How Trump’s pied pipers rallied a faithful mob to the Capitol

(Reuters) – Weeks before mobs besieged the Capitol building in Washington, a bright red bus crisscrossed the United States, emblazoned with a huge image of President Donald Trump in suit and tie with a clenched fist above his shoulder.

FILE PHOTO: March for Trump bus tour kicks-off at Doral Central Park for a two week multi-state rally in support of U.S. President Donald Trump, in Doral, Florida, U.S., November 29, 2020. REUTERS/Maria Alejandra Cardona/File Photo

At more than 25 stops – in parking lots and airplane hangers in states including Arizona, Georgia, Louisiana, Kentucky and Tennessee – flight-attendant-turned-political-activist Amy Kremer and other speakers exhorted crowds to join her and others in Washington to fight for Trump and overturn the election.

Last Wednesday, the tour reached its final destination, Washington D.C., and Kremer took to the stage at the “March for Trump” rally she had been organizing for weeks.

“It is up to you and I to save this Republic,” Kremer told thousands of self-styled patriots in Ellipse park, south of the White House, in one of many warm-up speeches for Trump. “We are not going to back down, are we? Keep up the fight!”

In the weeks leading up to Wednesday’s deadly riots on Capitol Hill, Kremer and a loose coalition of groups and sponsors rallied the faithful, recruiting hardcore Trump supporters across the United States in a last-ditch effort to overturn the Nov. 3 election, inspired by conspiracy theories and whipped into action by Trump’s desperate calls to “save” democracy by reversing his loss to Democrat Joe Biden.

The story of how the pied-pipers of Trumpism enlisted supporters illustrates the dramatic evolution of Trump’s voters into an effective and well-financed network of activist groups. The crowds that rally organizers recruited were joined in Washington by more radical right-wing groups that have increasingly become a fixture at pro-Trump demonstrations – including white supremacists and devotees of the QAnon conspiracy theory, which casts Trump as a savior figure and elite Democrats as a cabal of Satan-worshipping pedophiles and cannibals.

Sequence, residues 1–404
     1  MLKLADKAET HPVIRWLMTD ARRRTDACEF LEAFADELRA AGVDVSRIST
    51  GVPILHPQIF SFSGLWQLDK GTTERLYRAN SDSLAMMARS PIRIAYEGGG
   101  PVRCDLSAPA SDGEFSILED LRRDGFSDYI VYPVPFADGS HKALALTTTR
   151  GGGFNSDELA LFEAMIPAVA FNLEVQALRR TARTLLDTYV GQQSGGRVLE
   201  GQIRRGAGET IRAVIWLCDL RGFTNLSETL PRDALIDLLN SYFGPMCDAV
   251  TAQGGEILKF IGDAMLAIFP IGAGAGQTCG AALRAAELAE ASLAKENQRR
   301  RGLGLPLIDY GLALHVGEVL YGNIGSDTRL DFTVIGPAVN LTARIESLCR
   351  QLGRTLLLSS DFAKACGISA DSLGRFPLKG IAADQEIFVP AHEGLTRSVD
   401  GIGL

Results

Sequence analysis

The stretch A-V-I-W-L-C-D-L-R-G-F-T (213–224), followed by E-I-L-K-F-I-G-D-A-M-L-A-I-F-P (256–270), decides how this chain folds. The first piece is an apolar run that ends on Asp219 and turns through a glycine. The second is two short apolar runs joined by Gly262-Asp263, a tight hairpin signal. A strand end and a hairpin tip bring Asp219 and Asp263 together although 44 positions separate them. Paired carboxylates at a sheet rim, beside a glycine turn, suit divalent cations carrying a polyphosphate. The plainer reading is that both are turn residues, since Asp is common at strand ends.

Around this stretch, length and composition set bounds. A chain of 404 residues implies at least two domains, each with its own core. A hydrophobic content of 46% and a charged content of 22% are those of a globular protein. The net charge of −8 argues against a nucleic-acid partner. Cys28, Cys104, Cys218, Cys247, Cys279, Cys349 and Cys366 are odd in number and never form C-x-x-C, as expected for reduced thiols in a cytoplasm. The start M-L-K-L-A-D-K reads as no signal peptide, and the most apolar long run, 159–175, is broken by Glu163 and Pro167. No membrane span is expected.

Others among the diverse array of promoters for post-election Trump protests included a pillow magnate, a right-wing college students’ organization, the newly formed activist network Stop the Steal and an upstart broadcasting group begun by a stay-at-home dad who devoted himself to chronicling Trump rallies, according to a Reuters examination of disclosure records and interviews with protest organizers.

Neither Kremer nor Women for America First responded to requests for comment. The organization posted a statement on its website saying it was saddened and disappointed by the Capitol violence, which it said was “instigated by a few bad actors.”

About two hours after Kremer’s speech, Trump took the same rally stage and exhorted this volatile mix of supporters repeatedly to “fight” – using the word more than 20 times – and “not take it any longer.” He ridiculed “weak” and “pathetic” Republicans and told the crowd they must “be strong” before dispatching the “patriots” on a march to the Capitol.

Many in the crowd of thousands took that fight to the Capitol Police with far more than fiery rhetoric, battling officers with a makeshift arsenal that included metal pipes, wooden poles with embedded nails, aluminum baseball bats, a hockey stick, a wooden door ripped off its hinges, and a coffee table, according to Reuters photographers at the scene and other videos posted online. One American flag waver bludgeoned an officer repeatedly with the flagpole as fellow rioters dragged the cop from the building and down a set of outside steps.

“We the people are not going to take it anymore!” one woman shouted through a bullhorn as rioters climbed through a broken window on the west side of the Capitol building, a video posted online showed. “You are not going to take away our Trumpy bear. You are not going to take away our votes and our freedom.”

Five people died in connection with the Capitol violence, including a police officer, as well as a protester shot by police. That crescendo of violence followed two months of rising anger among Trump loyalists, harnessed by protest organizers including Kremer and many others. The stolen election narrative – amplified by right-wing media – quickly became gospel for millions of Trump loyalists despite the failure of dozens of lawsuits his attorneys filed claiming election fraud.

A White House official said the rally was organized by outside groups, and the White House became involved when the president decided to speak there. The official declined further comment.

Another important player and financier of the post-election protest movement was Mike Lindell, founder and CEO of the My Pillow company, whose advertisements and political commentary are a fixture on conservative media. Lindell – a self-described former cocaine addict and alcoholic who says he found sobriety through Christianity – helped sponsor a two-week March for Trump bus tour that ended in Washington on Dec. 14 and spoke at five stops.

My Pillow is a major advertiser and sponsor of the Right Side Broadcasting Network, a conservative media group that went along on the tour to provide daily coverage.